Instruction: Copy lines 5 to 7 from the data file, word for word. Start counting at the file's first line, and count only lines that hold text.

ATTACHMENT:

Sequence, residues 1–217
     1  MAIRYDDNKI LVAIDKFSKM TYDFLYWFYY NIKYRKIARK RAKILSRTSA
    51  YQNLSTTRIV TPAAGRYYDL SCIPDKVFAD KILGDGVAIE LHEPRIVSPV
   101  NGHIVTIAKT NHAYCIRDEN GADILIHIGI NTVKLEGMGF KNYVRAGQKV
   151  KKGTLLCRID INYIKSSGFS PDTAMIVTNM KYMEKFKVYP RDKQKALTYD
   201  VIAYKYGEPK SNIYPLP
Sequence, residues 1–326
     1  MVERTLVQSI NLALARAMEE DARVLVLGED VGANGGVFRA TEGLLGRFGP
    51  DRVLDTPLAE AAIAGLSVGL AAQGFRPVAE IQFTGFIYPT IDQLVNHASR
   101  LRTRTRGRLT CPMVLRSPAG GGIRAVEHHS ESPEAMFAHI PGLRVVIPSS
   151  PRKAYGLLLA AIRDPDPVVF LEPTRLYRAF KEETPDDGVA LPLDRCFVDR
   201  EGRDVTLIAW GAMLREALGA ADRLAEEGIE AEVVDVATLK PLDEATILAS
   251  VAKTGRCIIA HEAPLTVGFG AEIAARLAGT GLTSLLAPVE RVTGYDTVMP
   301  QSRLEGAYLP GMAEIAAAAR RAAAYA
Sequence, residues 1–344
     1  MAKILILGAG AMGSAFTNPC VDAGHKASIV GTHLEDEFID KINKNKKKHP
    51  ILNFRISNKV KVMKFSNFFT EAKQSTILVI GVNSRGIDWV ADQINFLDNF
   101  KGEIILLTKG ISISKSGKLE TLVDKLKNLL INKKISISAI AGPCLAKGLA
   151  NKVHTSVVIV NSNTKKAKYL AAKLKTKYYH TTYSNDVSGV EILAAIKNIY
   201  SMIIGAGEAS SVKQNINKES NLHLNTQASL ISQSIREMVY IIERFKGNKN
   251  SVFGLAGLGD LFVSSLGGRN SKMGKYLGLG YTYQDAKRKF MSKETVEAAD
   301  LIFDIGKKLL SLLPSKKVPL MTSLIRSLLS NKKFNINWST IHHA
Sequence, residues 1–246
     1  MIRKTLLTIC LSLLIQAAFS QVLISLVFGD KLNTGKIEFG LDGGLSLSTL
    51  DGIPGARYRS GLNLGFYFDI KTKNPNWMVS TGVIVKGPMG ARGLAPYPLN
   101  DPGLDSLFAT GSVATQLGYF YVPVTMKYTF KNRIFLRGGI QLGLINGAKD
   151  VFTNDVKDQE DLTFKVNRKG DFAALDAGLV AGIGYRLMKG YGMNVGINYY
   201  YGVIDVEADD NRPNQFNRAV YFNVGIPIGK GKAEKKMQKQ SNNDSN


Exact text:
   151  KKGTLLCRID INYIKSSGFS PDTAMIVTNM KYMEKFKVYP RDKQKALTYD
   201  VIAYKYGEPK SNIYPLP
Sequence, residues 1–326